Regulators on Wednesday approved a $6.8 billion merger between Pepco Holdings Inc. and Exelon Corp., forming the nation’s largest publicly held utility.
The District of Columbia Public Service Commission voted 2-to-1 to approve the deal, handing a surprise to analysts who expected the proposal would crumble after regulators rejected a similar proposal last month.
Exelon is the largest U.S. operator of nuclear power plants, with more than 19,000 megawatts of nuclear power spread across six states: Illinois, Maryland, Nebraska, New Jersey, New York and Pennsylvania. The utility also operates more than 12,000 megawatts of coal, oil and natural gas plants and smaller supplies of hydroelectric and solar power. Pepco, a 120-year-old utility, delivers electricity to more than 815,000 customers in Maryland and D.C.
The Pepco-Exelon merger had already won approval from Delaware, Maryland, New Jersey, Virginia and the Federal Energy Regulatory Commission. Approval from the D.C. commissioners was the last remaining hurdle.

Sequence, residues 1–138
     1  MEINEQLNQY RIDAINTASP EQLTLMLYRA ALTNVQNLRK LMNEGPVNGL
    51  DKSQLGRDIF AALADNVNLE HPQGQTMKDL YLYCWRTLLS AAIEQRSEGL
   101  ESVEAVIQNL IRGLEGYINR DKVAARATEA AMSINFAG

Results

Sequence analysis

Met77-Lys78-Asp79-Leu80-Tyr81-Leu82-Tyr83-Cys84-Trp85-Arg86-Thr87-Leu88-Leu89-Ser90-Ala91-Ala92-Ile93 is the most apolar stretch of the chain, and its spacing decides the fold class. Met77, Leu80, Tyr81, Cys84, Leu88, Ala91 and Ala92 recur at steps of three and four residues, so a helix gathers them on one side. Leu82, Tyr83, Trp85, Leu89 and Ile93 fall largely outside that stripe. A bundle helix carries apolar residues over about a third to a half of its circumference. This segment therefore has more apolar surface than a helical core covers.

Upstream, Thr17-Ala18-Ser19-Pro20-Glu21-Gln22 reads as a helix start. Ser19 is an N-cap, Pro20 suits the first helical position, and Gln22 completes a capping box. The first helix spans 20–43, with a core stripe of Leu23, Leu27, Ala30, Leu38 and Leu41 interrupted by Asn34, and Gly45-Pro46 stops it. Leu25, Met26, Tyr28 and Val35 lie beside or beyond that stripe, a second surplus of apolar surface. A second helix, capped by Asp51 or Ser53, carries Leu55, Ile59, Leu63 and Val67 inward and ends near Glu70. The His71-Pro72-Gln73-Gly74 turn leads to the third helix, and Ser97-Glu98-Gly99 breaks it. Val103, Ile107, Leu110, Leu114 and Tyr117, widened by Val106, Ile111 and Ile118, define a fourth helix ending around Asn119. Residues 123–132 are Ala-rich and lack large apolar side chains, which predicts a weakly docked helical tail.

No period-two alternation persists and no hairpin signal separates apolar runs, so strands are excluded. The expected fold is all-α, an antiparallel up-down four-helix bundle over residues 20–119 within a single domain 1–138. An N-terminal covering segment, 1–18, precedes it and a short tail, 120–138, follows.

In voting to approve the merger, the commission said it found the deal was “in the public interest” and “will benefit ratepayers and the District,” according to a statement.
Benefits of the deal include a $72.8 million Customer Investment Fund, including $11.25 million in funds for energy efficiency and conservation projects for low-income residents. The fund also carves out $21.55 million for pilot projects to modernize the electric grid and accommodate rooftop solar projects and battery storage systems.
“These benefits, among others, would not be available to District ratepayers if the merger is not approved,” the commission said.
Analysts from Guggenheim Securities LLC and other investment firms had said they expected the D.C. commission to reject the Pepco-Exelon merger, given previous opposition.
"They could reject the deal again since there is no consensus among parties on settlement conditions. This is a strong likelihood, in our view,” Shahriar Pourreza, an analyst with Guggenheim, wrote in a note ahead of the merger.
In February, commissioners rejected a $78 million plan negotiated by Mayor Muriel Bowser that would have held down residential rates for the next four years. In the plan approved Wednesday, the money Bowser wanted to cushion residential customers could instead go to credits for businesses or the federal government, the Washington Post reported.